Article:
Researchers at the University of Silesia want to create a reablement game based on virtual reality
Researchers from the University of Silesia in Katowice want to create a reablement game based on virtual reality. They have already developed their own system of sensorsthat are placed on the body and allow to mimic the movement of the exercising person in a computer.
Project leader Dr. Paweł Janik from the Institute of Computer Science at the Faculty of Computer Science and Materials Science at the University of Silesia in Katowice explained that it is a wearable solution. Devices of this type are clothes or accessories usually containing advanced electronics. This makes the system mobile - it can be used at home and in any other place.
In this case it will be possible thanks to the sensors placed on the head, hands and stomach that react to human movement. "Information about this movement is transmitted via a standard wifi connection (...), and then this data is transformed into a change in the person\'s movement, which is displayed, for example, on a computer screen" - said Janik.
In this way, an advanced sensor system has been created (and is still being developed) to support the reablement of people struggling with various disorders of the musculoskeletal system.
Ultimately, thanks to the model of the exercising person\' body recreated on a computer screen, that person will be able to perform exercises programmed and adapted to the physiotherapeutic plan of the patient. The system accurately replicates the movement of the body, and the exercising person will receive real-time feedback whether the exercises are performed correctly. The data will also be saved in the computer\'s memory, which will allow the physiotherapist to verify the patient\'s progress.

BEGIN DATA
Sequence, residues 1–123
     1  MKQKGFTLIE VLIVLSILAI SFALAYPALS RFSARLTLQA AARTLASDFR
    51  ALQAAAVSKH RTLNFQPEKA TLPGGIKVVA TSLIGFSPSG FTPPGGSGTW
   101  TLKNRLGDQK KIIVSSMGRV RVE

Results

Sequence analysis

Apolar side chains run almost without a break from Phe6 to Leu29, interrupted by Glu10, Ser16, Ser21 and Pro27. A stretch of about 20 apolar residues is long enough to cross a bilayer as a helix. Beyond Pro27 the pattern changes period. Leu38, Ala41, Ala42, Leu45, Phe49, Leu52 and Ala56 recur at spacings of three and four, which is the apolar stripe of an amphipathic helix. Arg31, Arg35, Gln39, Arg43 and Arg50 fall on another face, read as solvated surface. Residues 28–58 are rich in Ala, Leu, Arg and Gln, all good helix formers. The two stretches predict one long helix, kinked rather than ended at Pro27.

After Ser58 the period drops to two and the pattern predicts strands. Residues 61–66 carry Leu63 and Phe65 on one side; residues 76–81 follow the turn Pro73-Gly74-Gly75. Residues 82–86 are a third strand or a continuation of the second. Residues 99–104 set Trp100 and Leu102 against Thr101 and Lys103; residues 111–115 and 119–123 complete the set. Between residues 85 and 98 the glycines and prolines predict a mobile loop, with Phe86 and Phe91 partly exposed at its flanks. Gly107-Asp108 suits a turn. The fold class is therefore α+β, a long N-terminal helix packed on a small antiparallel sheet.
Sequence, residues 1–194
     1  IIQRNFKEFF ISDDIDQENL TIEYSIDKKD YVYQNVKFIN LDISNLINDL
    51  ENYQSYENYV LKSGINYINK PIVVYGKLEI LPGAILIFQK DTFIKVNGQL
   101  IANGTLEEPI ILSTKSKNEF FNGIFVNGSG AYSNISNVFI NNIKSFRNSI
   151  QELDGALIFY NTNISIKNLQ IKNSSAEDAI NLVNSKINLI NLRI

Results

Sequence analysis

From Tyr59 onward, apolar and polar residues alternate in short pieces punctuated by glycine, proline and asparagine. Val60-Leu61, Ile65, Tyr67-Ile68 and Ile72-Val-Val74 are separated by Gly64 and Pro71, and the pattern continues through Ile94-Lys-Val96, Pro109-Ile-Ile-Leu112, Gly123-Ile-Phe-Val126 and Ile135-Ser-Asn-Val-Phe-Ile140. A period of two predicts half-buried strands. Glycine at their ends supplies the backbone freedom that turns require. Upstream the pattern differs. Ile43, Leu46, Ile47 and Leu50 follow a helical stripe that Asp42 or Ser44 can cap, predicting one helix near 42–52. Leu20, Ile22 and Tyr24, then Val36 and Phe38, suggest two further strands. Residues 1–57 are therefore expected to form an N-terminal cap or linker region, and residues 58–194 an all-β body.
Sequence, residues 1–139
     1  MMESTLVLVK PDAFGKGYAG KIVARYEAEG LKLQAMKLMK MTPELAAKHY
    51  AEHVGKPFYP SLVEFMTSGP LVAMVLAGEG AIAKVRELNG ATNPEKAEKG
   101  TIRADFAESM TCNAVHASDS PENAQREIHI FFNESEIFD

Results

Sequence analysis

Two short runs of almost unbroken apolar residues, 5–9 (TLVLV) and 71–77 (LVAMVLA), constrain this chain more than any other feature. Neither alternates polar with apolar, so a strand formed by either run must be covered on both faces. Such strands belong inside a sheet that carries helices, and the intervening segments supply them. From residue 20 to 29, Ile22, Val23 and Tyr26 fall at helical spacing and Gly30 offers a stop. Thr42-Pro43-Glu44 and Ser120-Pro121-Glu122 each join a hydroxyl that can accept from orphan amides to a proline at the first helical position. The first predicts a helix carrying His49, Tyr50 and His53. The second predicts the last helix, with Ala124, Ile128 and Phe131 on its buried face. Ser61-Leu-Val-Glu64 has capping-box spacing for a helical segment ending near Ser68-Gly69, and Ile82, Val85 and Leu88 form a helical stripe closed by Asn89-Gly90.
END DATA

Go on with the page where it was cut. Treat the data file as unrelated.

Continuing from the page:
In addition, researchers at the University of Silesia want to create a reablement game on this basis, intended primarily for young patients, for example those with neurological disorders.
PhD student and system architect Michał Pielka explained that currently on the market there were already many systems of this type that used standard wifi network infrastructure. "(It means that) all sensors are connected to one common access point, usually a standard router that most of us have at home" - said Pielka.
"What distinguishes our system is characterized the fact that in its design we have not used an additional microcontroller that processes data. In competitive systems all data from the sensor are usually sent to the main microcontroller, which processes the data and only then transfers them to radio interface. However, we used a microcontroller in the radio system module, which allowed to reduce the size of the sensor, its energy demand and simplify the design, which also reduces costs" - said the PhD student.
Dr. Janik added that scientists had now developed the technical part of this solution. "We are counting on dynamic cooperation with medical teams, because we are now ready to implement this solution for typical reablement games" - he emphasised.
author: Agnieszka Kliks-Pudlik
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